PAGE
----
Here's the deal: You can count on tone-police citations if you value plain words. It comes with the territory.

On the other hand, complaining that Al Mohler came across as if he were trying too hard to sound "nice" is itself a kind of tone-police citation, isn't it?

I see both sides here. I understand Dan's wish that Mohler had been more aggressive with Wallis. Yet I like and admire Al Mohler for who he is, and I don't wish for a different kind of Mohler.

I might watch the Mohler-Wallis debate and at some points wish Mohler had groin-kicked a Wallis argument rather than playing rope-a-dope, but let's face it: that's why someone like me would never get an opportunity to answer Wallis in the first place.

At the end of the day, I'm glad we have Al Mohler, who has probably done more than anyone else in our generation to pull pastoral training and gospel proclamation back from the precipice of postmodern pettifoggery. He deserves credit for that. I wouldn't be quick to write him up for a tone violation.

Same thing goes for Todd Friel, James White, Dan Phillips, and whoever writes the pre-recorded comedy bits for Chris Rosebrough's program. I wouldn't say everything the way those guys do. But what a dreary, curmudgeonly world it would be if everyone were required to be just like me.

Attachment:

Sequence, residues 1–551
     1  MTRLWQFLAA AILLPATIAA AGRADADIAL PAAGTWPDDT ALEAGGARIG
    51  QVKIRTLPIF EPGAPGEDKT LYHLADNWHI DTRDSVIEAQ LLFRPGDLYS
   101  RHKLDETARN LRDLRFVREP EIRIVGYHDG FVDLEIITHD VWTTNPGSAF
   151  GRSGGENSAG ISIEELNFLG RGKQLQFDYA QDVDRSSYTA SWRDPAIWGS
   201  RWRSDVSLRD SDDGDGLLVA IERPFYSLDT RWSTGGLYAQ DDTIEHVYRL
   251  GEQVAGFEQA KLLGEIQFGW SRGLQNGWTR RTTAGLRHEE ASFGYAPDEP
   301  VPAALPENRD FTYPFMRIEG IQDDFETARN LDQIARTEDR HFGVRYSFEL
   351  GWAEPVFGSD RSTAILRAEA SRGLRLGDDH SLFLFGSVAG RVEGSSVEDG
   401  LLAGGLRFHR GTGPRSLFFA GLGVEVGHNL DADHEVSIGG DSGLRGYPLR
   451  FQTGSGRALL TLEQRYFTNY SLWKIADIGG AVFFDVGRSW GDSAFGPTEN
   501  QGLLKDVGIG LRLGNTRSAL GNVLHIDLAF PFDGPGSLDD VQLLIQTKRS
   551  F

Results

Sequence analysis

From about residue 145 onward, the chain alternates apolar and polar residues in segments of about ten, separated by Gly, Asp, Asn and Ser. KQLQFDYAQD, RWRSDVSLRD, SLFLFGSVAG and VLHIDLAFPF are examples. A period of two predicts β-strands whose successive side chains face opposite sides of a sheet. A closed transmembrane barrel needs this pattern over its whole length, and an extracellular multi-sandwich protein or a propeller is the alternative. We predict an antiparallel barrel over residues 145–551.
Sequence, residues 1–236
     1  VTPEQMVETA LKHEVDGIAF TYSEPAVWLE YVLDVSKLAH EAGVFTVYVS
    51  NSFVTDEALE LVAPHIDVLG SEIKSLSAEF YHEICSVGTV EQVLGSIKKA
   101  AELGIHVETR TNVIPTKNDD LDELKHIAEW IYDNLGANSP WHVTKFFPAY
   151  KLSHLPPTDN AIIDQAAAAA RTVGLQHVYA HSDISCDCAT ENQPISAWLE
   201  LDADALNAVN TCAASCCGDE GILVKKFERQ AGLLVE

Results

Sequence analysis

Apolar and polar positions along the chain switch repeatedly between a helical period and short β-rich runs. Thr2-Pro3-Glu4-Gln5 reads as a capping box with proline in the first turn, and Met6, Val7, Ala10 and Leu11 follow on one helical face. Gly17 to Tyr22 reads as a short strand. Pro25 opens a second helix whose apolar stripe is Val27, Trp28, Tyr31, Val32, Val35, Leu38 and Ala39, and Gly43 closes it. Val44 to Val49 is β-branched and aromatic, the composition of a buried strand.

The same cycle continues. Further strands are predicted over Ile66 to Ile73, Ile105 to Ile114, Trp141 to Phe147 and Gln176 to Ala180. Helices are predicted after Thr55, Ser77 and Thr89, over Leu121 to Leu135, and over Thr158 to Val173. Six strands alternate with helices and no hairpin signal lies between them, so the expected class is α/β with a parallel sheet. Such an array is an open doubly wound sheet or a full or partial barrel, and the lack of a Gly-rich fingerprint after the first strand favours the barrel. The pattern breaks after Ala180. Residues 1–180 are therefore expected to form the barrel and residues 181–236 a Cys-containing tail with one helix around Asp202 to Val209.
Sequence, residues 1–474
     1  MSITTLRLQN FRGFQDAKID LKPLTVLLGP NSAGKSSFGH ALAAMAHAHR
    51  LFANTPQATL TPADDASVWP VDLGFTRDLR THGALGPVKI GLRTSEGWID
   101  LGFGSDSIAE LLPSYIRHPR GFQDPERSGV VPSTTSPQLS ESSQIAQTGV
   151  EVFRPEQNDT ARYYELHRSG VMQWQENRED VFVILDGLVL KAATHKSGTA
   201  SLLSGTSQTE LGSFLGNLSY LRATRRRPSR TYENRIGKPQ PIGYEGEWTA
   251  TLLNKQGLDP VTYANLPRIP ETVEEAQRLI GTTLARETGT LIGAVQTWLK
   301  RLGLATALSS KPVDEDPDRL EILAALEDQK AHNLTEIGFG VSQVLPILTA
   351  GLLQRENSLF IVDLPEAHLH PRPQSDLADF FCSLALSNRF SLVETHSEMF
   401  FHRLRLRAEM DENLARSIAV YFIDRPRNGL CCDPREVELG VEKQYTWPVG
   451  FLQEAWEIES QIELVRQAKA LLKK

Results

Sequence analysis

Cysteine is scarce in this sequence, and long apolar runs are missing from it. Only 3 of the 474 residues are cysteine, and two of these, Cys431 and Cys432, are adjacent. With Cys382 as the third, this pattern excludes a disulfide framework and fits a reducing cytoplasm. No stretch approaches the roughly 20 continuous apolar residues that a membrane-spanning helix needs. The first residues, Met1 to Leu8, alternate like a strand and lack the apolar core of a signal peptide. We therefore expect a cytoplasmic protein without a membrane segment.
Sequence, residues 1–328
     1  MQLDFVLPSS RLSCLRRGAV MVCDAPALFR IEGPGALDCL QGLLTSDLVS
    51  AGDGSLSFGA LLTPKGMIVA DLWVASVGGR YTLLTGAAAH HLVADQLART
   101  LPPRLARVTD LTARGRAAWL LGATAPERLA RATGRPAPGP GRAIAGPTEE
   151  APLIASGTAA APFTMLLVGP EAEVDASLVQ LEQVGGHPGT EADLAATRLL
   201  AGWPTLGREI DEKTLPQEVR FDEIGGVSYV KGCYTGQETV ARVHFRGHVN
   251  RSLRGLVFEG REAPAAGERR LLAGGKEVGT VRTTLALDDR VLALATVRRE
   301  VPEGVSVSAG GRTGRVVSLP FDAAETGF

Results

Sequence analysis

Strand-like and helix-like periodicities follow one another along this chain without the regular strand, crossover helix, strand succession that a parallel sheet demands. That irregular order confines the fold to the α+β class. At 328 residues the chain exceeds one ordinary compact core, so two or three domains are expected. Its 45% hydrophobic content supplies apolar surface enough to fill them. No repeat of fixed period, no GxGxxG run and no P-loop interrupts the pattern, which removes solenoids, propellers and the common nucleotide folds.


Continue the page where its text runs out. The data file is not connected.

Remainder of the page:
I think we should all lay off the tone-cop complaints and concern ourselves more with substance.

Robert said...


The one thing you are missing from your hypotheticl dialogue is "Oh, no you di-ent!" and a head bob. If God is against the proud and gives grace to the humble, then we'd be far better off learning to accept criticism and find ways to improve than to shudder and react violently every time somebody offers a critique of one of us or one of the pastors/theologians that we like/follow.

I guess I shouldn't have necessarily been sad about your post yesterday, but actually happy that you were willing to offer some criticism. I also appreciate what Phil says about Mohler being who he is. I remember hearing somebody say that true humility comes from accepting yuor weaknesses and learning to pray and count on God's strength where we are weak. Somehow I think having a critique offered is actually part of that process because one weakness we all have is the inability to see our blind spots.

DJP said...

On the greatness that is Al Mohler: yep, everything I said at my blog, and much more, I'm sure

On Mohler being nice to Wallis: no problem

On Mohler (to my mind) being nice to Wallis' ideas: problem

Do I think Mohler really secretly agrees with Wallis? Nope

Hence the tension in my mind, which I've tried to express as clearly as I can, with clearly mixed results.

My fault, no doubt.

The Squirrel said...

Tom Chantry said something which needs to be trumpeted, so...